In 1898 economist Elias St. Elmo Louis conceptualized the buying process of a consumer as progressing through the stages of attention, interest, decision and action (i.e., the “AIDA” funnel). Applied to the masses, this funnel dictates that, to realize a certain volume of action-taking consumers, one must cultivate a large enough degree of attention from a population.
Louis’s notion of buying stages may have been less a novel view of consumer behavior as much as an indicator of the times in which he lived. In 1900, a time largely seen as the “dawn of advertising,” communication with a target audience was unidirectional and attention share significantly less congested.
Today information regarding consumer purchases is multi-directional, ubiquitous and always flowing. Enrollment management has struggled to adapt to this long-emerging reality, emphasizing a kind of marketing money-ball that dictates a similar state-based marketing as Mr. Louis. In that world, prospect pools must always expand and communication flows must always broaden in hopes of converting batches of suspects to inquiries, inquiries to applications and so on.
For decades, the advice to enrollment managers has been to focus recruitment activities to move people from suspect to inquiry, from applicant to enrolled — from one bucket to the next. The advice is varied: you manage the funnel, put cylinders in the funnel, invert the funnel, or emphasize “top of” or “bottom of” funnel activities, but essentially, you spend money on the many to affect the behavior of the few.
Enrollment funnels are getting larger, with the average search pool growing 36 percent since 2008, and the cost to recruit an undergraduate student has grown 33 percent since 2005.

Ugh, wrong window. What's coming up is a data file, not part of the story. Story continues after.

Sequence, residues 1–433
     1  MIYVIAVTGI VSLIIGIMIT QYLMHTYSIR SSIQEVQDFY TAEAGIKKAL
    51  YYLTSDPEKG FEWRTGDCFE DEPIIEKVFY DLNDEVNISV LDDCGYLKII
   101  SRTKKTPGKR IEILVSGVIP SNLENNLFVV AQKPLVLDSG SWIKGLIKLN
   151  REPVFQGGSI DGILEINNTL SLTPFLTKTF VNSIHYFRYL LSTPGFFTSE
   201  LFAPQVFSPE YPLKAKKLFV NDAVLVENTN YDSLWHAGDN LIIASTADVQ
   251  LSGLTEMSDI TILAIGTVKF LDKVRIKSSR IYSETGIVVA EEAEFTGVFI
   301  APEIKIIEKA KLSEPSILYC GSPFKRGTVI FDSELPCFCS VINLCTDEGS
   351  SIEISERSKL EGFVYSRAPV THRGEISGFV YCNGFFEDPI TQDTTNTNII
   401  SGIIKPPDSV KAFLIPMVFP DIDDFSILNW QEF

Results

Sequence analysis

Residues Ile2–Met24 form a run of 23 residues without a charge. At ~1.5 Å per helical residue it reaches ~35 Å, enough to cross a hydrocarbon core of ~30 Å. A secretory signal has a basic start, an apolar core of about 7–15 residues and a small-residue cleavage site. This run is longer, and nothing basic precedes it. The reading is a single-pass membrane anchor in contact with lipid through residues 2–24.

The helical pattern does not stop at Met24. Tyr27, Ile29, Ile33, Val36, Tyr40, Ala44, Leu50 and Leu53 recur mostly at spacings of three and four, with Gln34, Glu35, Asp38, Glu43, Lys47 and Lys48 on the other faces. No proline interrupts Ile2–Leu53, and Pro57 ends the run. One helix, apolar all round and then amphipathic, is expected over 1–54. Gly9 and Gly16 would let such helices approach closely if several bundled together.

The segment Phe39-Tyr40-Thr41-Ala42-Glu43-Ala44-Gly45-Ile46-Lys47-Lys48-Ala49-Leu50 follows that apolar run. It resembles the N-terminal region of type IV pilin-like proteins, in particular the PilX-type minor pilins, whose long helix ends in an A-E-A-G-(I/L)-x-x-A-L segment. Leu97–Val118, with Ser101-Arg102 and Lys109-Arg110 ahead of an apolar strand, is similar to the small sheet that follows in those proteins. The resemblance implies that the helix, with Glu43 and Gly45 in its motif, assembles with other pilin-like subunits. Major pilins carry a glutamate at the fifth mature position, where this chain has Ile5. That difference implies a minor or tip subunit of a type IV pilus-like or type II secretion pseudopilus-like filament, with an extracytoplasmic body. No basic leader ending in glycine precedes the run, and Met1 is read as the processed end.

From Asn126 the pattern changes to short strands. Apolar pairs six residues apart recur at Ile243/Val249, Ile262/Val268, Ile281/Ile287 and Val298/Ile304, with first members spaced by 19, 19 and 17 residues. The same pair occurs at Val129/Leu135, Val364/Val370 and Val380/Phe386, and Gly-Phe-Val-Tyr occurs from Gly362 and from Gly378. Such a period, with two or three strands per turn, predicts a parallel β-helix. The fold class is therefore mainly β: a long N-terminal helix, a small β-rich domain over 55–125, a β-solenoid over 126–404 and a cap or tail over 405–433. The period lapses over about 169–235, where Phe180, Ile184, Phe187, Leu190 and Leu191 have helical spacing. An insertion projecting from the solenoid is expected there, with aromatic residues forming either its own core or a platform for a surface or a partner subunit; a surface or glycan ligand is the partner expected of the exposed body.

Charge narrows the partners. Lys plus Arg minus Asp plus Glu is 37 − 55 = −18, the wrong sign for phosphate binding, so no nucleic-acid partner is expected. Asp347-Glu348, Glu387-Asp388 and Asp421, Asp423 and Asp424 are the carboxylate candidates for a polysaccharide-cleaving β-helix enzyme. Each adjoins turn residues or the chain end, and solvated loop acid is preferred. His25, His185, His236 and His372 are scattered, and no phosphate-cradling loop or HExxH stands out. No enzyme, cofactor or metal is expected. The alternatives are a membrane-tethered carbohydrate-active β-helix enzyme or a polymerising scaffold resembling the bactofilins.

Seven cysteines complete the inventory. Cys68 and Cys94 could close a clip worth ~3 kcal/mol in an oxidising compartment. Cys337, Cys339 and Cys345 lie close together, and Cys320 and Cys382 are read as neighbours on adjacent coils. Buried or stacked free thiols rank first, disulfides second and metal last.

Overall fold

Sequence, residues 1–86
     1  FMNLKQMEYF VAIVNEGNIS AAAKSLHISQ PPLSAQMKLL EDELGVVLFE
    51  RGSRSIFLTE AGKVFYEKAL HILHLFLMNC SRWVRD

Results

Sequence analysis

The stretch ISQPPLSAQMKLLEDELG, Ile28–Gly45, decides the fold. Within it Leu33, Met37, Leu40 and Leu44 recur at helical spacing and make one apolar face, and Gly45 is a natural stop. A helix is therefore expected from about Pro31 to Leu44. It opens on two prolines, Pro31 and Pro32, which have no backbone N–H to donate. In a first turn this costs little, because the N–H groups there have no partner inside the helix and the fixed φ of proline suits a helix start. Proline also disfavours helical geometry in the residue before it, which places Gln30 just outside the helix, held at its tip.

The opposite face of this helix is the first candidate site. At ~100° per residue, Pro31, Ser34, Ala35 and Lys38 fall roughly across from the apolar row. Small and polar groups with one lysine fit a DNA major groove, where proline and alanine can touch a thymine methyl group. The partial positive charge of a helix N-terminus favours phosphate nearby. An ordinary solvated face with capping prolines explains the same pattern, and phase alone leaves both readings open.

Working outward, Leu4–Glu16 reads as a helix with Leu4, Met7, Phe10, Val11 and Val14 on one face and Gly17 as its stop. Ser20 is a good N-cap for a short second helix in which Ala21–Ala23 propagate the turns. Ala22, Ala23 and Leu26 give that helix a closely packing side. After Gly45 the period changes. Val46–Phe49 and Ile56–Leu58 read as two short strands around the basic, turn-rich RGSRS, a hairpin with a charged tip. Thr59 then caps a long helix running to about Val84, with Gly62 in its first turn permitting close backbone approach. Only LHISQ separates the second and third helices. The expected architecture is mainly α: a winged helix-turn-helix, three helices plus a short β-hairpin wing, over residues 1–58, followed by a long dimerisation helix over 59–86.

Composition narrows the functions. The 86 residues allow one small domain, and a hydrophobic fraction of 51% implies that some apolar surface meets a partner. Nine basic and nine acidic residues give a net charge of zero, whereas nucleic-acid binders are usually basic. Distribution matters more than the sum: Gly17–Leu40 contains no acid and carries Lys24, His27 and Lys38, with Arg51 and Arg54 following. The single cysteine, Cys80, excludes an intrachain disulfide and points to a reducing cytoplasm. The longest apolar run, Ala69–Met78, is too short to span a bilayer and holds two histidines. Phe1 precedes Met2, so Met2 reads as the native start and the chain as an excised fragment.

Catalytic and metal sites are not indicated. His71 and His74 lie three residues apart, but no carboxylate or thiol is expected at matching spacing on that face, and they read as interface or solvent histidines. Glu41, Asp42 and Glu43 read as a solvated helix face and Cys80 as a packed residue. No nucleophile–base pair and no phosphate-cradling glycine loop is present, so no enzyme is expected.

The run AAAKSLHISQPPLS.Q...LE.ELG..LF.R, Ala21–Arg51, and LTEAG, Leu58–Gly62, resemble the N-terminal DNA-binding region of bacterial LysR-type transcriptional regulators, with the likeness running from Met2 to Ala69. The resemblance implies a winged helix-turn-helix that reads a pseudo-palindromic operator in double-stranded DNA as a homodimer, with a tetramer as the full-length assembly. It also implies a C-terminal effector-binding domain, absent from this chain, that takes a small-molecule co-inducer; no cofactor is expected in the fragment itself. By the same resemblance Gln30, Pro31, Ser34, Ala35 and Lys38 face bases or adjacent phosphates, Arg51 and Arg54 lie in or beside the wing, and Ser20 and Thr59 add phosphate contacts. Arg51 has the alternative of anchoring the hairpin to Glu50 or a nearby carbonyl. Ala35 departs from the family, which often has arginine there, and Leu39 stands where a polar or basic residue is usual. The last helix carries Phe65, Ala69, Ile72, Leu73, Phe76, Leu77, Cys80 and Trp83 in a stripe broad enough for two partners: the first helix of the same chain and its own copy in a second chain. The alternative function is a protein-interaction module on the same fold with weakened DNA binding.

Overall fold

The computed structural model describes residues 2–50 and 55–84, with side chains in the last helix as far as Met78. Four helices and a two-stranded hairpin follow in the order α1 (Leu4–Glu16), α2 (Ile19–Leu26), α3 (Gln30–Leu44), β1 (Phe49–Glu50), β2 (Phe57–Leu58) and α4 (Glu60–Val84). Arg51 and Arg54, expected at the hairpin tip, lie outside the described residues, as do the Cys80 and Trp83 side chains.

Despite a century of innovation and decades of psychological and consumer behavior research, the field of enrollment management has been fixated on how to get a “suspect” to become an “inquiry.” In other words, it has concentrated on how to direct the student’s decision journey rather than really trying to understand it. The fact that 9 out of 10 search-bought students will never inquire with the purchasing college seems to be viewed as acceptable loss.
Instead of funnels as pipeline visuals, think of the totality of your prospective students as a huge iceberg with only a small portion visible above the water. We intuitively understand the nature of an iceberg, with its enormous mass residing below the surface.
Yet, we routinely accept the industrial age funnel view that an institutional pipeline is only that which we can see and steer. So we stare at the small tip of the iceberg above the waterline, wondering how to make it bigger. We buy more names; we create new communication pieces.
The digital age has demolished the notion that a single college can control the information on its student experience. Now, information on your institution is ubiquitous and curated and highly accessible.
The good news, of course, is that the virtues of the internet aid colleges as well, presenting thousands more highly interested and engaged students than can be searched via name lists not to mention thousands of data points that provide intelligence on how to communicate with each one.
New tools and new thinking are allowing the modern enrollment manager to work beneath the surface and are delivering deeply relevant content to prospective students, working with the automated and flowing nature of the internet — not against it.
By Thom Golden, Senior Vice President of Data Science, Capture Higher Ed